Bloom, dimensionality, lifelike presence, soundstaging were unmatched in the Zanden Model 1000 phonostage. What wasn’t quite as matchless was its overall timbral balance and very-low-level resolution. In tonality the Model 1000 was a little bit on the dark and plummy side, which is scarcely unusual in a (non-ARC) tube unit but nonetheless a deviation from neutral. And while plenty clear (as noted) on the notes being sounded, the Zanden did not have quite the same X-ray vision of performance detail as the best solid-state gear. These weren’t trade-offs that overly troubled me, as what was being gained back in three-dimensional presence and nonpareil imaging and soundstaging made instruments sound more “there” regardless of slight differences in tonality and ultra-fine resolution. But I’m mentioning these minor issues here because the latest-gen, top-of-the-line Zanden gear I’m about to review doesn’t make such trade-offs; it is markedly more neutral in timbre, far more defined in pitch (particularly in the bass), and much higher in very-low-level resolution than that otherwise phenomenal phonostage of years gone by.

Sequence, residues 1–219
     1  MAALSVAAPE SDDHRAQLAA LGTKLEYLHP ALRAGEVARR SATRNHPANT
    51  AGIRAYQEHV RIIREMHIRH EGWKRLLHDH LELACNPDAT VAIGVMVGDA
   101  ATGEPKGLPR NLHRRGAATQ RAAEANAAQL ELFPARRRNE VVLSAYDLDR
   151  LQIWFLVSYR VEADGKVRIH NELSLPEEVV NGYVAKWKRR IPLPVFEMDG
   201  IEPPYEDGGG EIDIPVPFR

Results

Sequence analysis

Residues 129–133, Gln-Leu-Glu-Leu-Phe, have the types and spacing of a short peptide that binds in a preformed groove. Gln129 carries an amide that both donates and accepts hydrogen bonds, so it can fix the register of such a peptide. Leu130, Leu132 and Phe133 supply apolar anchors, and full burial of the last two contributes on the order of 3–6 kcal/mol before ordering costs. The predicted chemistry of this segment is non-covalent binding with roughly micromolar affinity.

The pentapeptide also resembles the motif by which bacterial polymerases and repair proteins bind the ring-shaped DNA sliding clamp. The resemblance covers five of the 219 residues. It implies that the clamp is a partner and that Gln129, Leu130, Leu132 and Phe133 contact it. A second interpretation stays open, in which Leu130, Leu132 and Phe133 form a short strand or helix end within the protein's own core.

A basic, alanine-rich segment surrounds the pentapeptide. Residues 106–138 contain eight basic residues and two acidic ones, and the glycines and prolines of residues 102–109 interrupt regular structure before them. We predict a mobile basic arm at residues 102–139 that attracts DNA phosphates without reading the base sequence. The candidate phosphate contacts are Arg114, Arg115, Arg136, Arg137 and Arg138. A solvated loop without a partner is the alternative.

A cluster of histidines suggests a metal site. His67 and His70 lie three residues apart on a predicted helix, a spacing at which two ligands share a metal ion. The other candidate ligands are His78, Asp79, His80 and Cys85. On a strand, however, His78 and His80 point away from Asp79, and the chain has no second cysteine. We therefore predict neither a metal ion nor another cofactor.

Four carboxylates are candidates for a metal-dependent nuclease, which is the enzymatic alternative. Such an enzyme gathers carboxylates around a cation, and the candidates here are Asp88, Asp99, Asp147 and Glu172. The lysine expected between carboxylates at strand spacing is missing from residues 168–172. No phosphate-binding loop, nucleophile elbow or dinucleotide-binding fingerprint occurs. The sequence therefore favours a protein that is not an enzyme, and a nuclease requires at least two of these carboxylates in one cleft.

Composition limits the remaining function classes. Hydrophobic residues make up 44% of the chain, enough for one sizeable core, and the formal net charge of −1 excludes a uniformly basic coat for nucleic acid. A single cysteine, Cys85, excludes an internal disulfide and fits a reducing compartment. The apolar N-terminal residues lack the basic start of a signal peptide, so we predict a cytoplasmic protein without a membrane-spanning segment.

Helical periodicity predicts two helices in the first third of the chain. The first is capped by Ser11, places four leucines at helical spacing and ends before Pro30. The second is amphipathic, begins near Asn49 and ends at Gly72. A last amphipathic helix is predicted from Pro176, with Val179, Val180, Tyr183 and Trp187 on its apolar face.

Of course, back then I was reviewing the Zanden Model 1000 phonostage as a stand-alone component. What I’m about to discuss is an entire suite of Zanden electronics—its flagship Classic line, comprising the $57,200 Model 9600mk2 monoblock amplifiers, the $23,000 Model 3000mk2 linestage preamplifier, and the $25,000 Model 1200mk3 phonostage preamp. And while I’ll have some comments on how several of these components sound when associated with non-Zanden gear, it’s my belief that (lucky) purchasers are more likely to buy the entire suite than mix and match its individual parts; therefore, my sonic commentary will focus on how the system sounds as a whole.